operating systems – How should GNU/Linux noobs harden their dekstop OS?

I’m interested in using GNU/Linux for different reasons. Partly for freedom, privacy, and security. But also to force myself to learn Linux. One issue I’ve found is that desktop Linux seems to have fairly poor security by default which is a little odd considering GNU/Linux is often recommended by security experts in certain circumstances. I looked into hardening Linux but that guide is clearly for very advanced users who have a lot of time on their hands. My threat model is sort of mixed. I’m not a highly targeted individual, but I also plan to do sensitive work with investigations and activism so security is still very important to me. I’m hoping to do everything on one laptop for monetary and practical reasons, so I want to avoid using a burner for my more sensitive work if possible. I’ve also looked into Qubes, but much like the previously mentioned hardened Linux guide, it looks like it is more for advanced users and it comes with a lot of usability issues.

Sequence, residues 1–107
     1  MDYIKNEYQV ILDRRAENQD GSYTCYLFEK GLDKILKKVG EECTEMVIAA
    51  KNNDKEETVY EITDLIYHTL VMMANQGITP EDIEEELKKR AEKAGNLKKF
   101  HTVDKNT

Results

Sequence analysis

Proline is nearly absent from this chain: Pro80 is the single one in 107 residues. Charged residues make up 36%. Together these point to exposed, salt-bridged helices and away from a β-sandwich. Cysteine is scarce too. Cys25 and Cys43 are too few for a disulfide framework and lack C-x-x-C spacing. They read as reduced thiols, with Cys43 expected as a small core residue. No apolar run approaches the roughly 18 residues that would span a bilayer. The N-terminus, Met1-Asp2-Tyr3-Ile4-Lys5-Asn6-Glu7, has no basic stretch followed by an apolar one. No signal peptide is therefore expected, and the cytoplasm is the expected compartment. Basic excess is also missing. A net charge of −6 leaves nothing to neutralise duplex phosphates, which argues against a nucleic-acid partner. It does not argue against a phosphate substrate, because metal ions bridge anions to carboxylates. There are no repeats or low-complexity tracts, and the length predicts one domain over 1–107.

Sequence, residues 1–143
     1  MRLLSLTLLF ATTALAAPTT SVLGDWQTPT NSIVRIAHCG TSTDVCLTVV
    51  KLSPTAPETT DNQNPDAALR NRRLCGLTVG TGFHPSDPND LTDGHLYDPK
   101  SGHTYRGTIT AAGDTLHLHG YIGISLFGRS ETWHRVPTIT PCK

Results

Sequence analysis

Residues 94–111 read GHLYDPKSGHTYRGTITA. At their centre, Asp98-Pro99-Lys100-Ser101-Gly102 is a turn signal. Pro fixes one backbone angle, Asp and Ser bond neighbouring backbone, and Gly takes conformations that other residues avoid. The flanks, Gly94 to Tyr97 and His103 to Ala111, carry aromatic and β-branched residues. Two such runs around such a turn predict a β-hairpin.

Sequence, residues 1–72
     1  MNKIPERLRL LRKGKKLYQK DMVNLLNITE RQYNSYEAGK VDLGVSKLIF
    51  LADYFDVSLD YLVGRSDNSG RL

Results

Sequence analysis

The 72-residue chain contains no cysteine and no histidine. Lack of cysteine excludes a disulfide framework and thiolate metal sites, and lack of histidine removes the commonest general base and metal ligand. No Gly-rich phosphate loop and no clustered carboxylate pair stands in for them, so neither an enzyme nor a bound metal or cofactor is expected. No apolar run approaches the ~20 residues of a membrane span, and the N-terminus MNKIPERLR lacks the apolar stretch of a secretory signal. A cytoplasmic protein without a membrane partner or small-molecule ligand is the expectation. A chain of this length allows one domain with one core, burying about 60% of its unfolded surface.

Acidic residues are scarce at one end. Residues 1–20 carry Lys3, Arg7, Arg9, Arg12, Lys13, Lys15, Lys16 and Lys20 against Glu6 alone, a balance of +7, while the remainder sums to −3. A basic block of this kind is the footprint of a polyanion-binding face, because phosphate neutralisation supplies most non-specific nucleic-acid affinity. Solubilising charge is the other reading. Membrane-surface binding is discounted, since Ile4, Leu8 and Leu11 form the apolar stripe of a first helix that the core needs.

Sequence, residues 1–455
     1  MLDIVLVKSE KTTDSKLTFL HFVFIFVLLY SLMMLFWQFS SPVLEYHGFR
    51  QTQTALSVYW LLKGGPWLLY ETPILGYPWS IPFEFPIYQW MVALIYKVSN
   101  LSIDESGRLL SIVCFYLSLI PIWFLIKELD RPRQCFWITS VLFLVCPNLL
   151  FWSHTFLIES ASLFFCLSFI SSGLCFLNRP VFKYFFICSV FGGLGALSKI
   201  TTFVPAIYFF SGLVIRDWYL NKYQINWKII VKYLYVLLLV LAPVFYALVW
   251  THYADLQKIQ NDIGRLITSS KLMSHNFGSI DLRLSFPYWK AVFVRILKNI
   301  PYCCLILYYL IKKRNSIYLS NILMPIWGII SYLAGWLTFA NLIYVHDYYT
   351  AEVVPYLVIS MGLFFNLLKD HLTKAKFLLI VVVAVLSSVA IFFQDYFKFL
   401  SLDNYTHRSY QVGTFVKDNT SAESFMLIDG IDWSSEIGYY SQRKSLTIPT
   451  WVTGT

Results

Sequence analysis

Are there any simpler Linux hardening guides that still address many of the presented Linux security concerns? Or better yet a way to automate the “hardening” process? If it matters, I think I’m most comfortable using Linux Mint Cinnamon since that’s what I’ve used for some time, but I’m open to using anything that’s easy and just works out of the box with little to no configuration necessary.

operating systems – Are i/o device polling intervals often consistent?

this is a quick question about common existing operating systems.

Is a polled io device (say of 120hz or 250hz) generally getting polled at a fixed rate or there are usually considerable fluctuations in polling intervals, and if there are fluctuations, are they in terms of milliseconds or micro/nanoseconds?

operating systems – What are joinable, joined, detached modes of threads?